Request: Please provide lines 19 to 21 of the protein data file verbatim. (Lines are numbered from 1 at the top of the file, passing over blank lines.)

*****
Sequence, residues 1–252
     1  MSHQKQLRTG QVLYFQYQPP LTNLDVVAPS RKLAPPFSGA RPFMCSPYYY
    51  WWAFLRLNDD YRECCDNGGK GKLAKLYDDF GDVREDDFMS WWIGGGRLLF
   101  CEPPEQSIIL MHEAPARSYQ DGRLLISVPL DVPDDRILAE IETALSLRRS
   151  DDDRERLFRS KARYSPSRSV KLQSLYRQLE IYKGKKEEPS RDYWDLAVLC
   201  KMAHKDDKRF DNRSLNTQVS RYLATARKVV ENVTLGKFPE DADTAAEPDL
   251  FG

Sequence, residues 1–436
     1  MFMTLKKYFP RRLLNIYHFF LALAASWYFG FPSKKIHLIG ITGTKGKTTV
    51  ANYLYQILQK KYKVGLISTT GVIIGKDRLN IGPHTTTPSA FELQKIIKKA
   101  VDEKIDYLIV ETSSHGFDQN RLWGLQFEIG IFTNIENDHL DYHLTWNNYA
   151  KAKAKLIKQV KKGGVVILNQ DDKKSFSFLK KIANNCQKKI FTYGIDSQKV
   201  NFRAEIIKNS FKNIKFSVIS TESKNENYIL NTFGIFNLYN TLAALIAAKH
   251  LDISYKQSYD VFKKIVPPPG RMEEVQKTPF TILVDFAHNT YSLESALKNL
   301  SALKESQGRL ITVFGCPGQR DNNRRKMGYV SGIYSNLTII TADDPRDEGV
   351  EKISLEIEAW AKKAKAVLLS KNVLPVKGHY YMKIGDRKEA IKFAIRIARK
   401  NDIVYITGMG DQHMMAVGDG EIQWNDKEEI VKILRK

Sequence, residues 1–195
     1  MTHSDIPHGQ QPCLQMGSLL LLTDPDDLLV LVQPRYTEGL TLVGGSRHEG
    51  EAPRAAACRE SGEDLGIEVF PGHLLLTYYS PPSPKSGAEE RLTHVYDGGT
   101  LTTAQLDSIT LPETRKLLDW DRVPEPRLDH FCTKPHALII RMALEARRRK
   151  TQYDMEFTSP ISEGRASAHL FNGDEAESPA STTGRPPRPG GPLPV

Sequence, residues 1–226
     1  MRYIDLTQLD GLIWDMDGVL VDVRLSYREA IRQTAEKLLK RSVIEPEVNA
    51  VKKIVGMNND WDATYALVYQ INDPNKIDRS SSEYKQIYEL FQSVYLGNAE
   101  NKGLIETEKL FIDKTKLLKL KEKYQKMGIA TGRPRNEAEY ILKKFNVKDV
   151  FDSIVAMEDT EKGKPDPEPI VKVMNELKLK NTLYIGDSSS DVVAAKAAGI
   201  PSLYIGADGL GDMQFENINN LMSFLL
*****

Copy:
     1  MTHSDIPHGQ QPCLQMGSLL LLTDPDDLLV LVQPRYTEGL TLVGGSRHEG
    51  EAPRAAACRE SGEDLGIEVF PGHLLLTYYS PPSPKSGAEE RLTHVYDGGT
   101  LTTAQLDSIT LPETRKLLDW DRVPEPRLDH FCTKPHALII RMALEARRRK